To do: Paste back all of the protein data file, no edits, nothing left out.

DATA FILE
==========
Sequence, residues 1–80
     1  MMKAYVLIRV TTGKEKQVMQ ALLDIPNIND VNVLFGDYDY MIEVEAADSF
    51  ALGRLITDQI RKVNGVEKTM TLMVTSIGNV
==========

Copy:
Sequence, residues 1–80
     1  MMKAYVLIRV TTGKEKQVMQ ALLDIPNIND VNVLFGDYDY MIEVEAADSF
    51  ALGRLITDQI RKVNGVEKTM TLMVTSIGNV